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Local writers seek justice for migrant through art

Alex Massey 
Arts & Features Writer

Photo by: Camille Nevarez-Hernandez                          Author of Color of My Night, Pasckie Pascua, reads a poem from his book to the audience at the Writers for Migrant Justice event.

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Within a small and unassuming loft in Downtown, powerful voices fill the air with the stories of migrants, as young as eight, along and within the U.S. border, beckoning for empathy and resonance among a crowd of 30. 
“History tries to tell you that it is one person who does the work,” BeLoved representative Ponkho Bermejo said. “This is not true.”
Writers for Migrant Justice, held Sept. 4 at BeLoved’s Liberation Station, was one of several events the nonprofit has organized for the month of September. The organization also uses its resources for projects in Asheville, including help to families impacted by U.S. Immigration and Customs Enforcement raids and healthcare services for homeless individuals. 
Bermejo fights against the powers that be, the same ones that attempt to suppress cultures and transform them into a homogenous white blanket. Bermejo said that this fight against coloniality is won through community.
The Writers for Migrant Justice opened with BeLoved representative Amy Cantrell explaining the small altar adorned with images of children and families on one side of the small room. Cantrell discussed how the altar was placed there in honor of children who have died in the custody of ICE.
“It is our responsibility to scream when they cannot scream,” Cantrell said.
Cantrell then read the words and stories of children currently held in ICE detainment camps in Texas with no parents and no real way of taking care of themselves.
Cantrell described children, some as young as 3 years old, sick and unable to gain treatment. The older children in the camp, according to Cantrell, would be about 11 years old and would be the ones responsible for helping the younger ones.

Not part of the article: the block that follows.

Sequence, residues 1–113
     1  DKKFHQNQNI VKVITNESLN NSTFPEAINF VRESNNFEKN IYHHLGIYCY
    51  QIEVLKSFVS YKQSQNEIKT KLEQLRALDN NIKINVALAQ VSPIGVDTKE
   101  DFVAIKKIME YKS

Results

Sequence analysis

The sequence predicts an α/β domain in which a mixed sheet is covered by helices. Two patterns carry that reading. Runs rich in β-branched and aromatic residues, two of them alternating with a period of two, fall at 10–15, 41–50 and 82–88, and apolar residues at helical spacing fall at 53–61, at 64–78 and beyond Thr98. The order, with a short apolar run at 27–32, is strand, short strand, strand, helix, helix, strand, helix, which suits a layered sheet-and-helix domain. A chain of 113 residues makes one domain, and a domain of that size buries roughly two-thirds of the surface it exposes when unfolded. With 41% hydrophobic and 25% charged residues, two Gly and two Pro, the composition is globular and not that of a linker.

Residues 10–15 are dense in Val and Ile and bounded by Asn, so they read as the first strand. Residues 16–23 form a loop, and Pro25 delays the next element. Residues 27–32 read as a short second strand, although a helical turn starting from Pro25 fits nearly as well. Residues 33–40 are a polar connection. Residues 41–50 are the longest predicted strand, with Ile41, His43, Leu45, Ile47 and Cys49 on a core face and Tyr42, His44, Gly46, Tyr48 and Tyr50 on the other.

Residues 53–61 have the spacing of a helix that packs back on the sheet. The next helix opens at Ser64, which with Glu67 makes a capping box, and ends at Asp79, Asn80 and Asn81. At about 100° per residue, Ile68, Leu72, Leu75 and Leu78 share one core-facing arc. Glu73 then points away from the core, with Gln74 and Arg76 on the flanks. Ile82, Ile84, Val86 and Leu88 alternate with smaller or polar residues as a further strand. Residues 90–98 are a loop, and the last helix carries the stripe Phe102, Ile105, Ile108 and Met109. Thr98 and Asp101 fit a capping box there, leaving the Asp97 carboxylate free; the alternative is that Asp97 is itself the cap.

Co-leader of the Latinx coalition at Warren Wilson College, Stephen Gifford-Bell, headed the event and served as master of ceremonies for the night in addition to reading some of his own poetry centered around what it means to be Latinx.
After introducing the night and reading a handful of original pieces, Gifford-Bell handed the microphone to Filipino author Pasckie Pascua, who read a selection from his book, Red is the Color of My Night.
Across several different speakers from varying backgrounds there were around 10 or more poems read for those in attendance.
Assistant Professor of Spanish at UNC Asheville Dr. Juan Sánchez Martinez was the closing speaker for the night. During his time, Sánchez Martinez invited his audience to follow along with his poems with booklets he passed out.
However different the writings were, the common thread which ran through all of them was a celebration of self and one’s culture, and condemnation of colonial attitudes.
The booklets Sánchez Martinez made were printed from right to left to serve as a small gesture against the power structures that exist due to coloniality.
“There is a lot of violence in language,” Sánchez Martinez said. “In law, in the Constitution. Violence has been supported by alphabetic writing. With that, the elites have been educated.”
Sánchez Martinez’s goal in printing from right to left was to destabilize this system which has been used to oppress so many.
This is a similar line of thought to that of Bermejo, who said that one of the missions of the nonprofit is to celebrate the Latinx community, as it has largely been repressed and made white.
Calling attention to the traditional artwork hanging on the wall, Bermejo described how the art is not something talked about in American schools. Cultures outside of the traditional American narrative are often overlooked, and Bermejo sees a problem with that.
“History in the schools is dominated by white people,” Bermejo said.
Bermejo is proud of who he is, in spite of a system which tells him to be ashamed. This was the purpose of Writers for Migrant Justice, as well as the rest of the events scheduled later in September.
Bermejo said he envisions a community where people can be proud to be who they are and feel welcomed as they are, regardless of heritage, and regardless of what society and coloniality tells them they should be.
 A petition to the city of Asheville declaring a proudness of culture and requesting a time to celebrate that culture is currently in the works. If it goes through, the city would designate a time for celebration for the Latinx community in Asheville.
Gifford-Bell remarked, “Through our art we change people’s narratives, and if we change enough narratives, we change the culture.”
Students can donate or volunteer with BeLoved Asheville via their website

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